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Only two kilometers separate Kenkro village from an invasion in the southern portion of the Trincheira Bacajá Indigenous Land (IL), in Pará State. From the village, the Xikrin can hear the sound of chainsaws and tractors advancing on their territory. The intensification of conflicts puts at risk the integrity of the Xikrin people and potentialize the spread of the new coronavirus on the territory.
In June, 32 hectares were deforested in the IL, almost ten times more than the loss detected last month, breaking a downward trend which started when Ibama’s field operations were carried out, in April this year. With the shutdown of the operations in May, deforestation rose again and invasions got intensified in the southeastern region. Also, the remote monitoring identified the opening of a 7km illegal road next to the Kenkro village.
“In addition to the loss of biodiversity caused by deforestation, the problem assumes a level of humanitarian and health urgency, due to the risk of contamination by Covid-19 in the villages”, alerts Thais Mantovanelli, anthropologist at ISA. There are already seven cases of Covid-19 confirmed in IL Trincheira Bacajá, according to the Special District of Indigenous Health (DSEI) in Altamira.
Invasions in Trincheira Bacajá IL are not new, but they got worse last year. In August 2019 the pressure on the territory and indigenous people reached its limit with three fronts of concomitant invasions. At the time, through an audio message, a group of 300 invaders threatened to “hunt” the indigenous people: “Look at the number of people are there in the forest to catch Indians there, within your forest. There are more than 300 men in the forest hunting the Indians”, says the audio that goes with a picture showing the intruders.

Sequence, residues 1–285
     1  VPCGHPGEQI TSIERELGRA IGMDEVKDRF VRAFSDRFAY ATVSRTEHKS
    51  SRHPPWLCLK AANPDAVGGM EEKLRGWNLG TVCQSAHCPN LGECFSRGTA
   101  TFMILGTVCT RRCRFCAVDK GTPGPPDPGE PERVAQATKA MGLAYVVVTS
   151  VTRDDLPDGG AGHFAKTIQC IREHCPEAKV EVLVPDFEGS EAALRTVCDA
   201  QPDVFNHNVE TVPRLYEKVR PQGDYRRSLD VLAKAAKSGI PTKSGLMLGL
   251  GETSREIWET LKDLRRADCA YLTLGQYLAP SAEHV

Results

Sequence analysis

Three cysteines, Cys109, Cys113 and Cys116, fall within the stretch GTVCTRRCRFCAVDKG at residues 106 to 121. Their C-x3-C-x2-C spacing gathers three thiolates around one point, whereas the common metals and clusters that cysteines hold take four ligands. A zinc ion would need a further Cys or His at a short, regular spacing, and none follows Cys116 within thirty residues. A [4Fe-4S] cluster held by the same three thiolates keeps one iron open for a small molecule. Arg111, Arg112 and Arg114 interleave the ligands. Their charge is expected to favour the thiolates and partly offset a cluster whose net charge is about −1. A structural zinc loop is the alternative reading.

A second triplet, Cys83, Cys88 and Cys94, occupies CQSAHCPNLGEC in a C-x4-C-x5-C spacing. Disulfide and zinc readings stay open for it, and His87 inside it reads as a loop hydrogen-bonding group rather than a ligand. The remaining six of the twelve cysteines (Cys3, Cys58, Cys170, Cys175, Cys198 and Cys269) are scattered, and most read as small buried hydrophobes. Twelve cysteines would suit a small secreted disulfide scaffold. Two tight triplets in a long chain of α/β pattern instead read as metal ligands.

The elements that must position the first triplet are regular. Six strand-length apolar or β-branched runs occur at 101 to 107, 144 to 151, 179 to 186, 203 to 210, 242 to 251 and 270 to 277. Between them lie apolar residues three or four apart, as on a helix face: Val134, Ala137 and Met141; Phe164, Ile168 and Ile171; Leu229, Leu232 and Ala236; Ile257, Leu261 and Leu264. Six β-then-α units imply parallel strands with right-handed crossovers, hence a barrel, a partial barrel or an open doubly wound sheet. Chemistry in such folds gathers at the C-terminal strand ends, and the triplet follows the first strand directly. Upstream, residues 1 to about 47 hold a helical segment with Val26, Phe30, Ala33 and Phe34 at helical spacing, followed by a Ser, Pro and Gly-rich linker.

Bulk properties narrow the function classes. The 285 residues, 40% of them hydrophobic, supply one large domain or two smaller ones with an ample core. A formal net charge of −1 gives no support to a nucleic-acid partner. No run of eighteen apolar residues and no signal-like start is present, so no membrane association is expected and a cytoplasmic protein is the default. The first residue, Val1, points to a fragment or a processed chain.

Joint field operations and monitoring were carried out with the aim of curbing illegal activities, and the invasions receded. But with the end of Ibama’s field operations, the indigenous people fear that history may repeat itself.
At the beginning of the year, the Xikrin showed concern about the resumption of invasions. At a meeting in the Krimex village, in February, they denounced illegal activities in the southeastern portion of their territory. “They are stealing the forest, our knowledge. Why do they do that? Stop it! (...) If they put down the forest, my grandson will ask: where are the trees and the jungle, grandpa? What am I going to tell him?” said Tedjere Xirin, and old chief in RapKô village, one of the epicenters of the invasions in 2019.
With the end of the rainy season, deforestation in the Xingu river basin increased. There were 32,8 thousand hectares of forest loss between May and June, an area larger than the municipality of Belo Horizonte (MG), 57% more than in the previous two months.
Deforestation was concentrated in the Pará portion of the basin, where more than 23 thousand hectares were deforested, 71% of the total. In Mato Grosso, another percentage stands out: 64% of the detected deforestation is not authorized, a rate that reached 100% of illegality in the municipality of Querência and 82% in Paranatinga.